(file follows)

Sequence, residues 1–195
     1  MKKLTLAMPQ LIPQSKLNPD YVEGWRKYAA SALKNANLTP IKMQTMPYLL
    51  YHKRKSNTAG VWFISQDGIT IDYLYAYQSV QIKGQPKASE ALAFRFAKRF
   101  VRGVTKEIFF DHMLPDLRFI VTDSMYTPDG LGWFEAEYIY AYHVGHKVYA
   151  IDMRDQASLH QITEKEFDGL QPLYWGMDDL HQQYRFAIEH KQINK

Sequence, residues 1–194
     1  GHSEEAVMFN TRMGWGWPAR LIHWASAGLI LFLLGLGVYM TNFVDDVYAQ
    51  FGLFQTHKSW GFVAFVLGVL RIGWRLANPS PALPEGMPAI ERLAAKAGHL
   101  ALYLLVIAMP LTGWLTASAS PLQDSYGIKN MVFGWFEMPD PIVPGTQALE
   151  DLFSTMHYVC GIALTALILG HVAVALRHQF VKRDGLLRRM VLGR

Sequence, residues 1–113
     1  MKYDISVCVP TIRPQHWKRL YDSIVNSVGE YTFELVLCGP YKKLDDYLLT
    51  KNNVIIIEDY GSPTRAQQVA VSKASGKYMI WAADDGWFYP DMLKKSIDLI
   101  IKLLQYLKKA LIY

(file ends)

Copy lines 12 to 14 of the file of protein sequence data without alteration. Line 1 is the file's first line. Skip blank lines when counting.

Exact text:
     1  MKYDISVCVP TIRPQHWKRL YDSIVNSVGE YTFELVLCGP YKKLDDYLLT
    51  KNNVIIIEDY GSPTRAQQVA VSKASGKYMI WAADDGWFYP DMLKKSIDLI
   101  IKLLQYLKKA LIY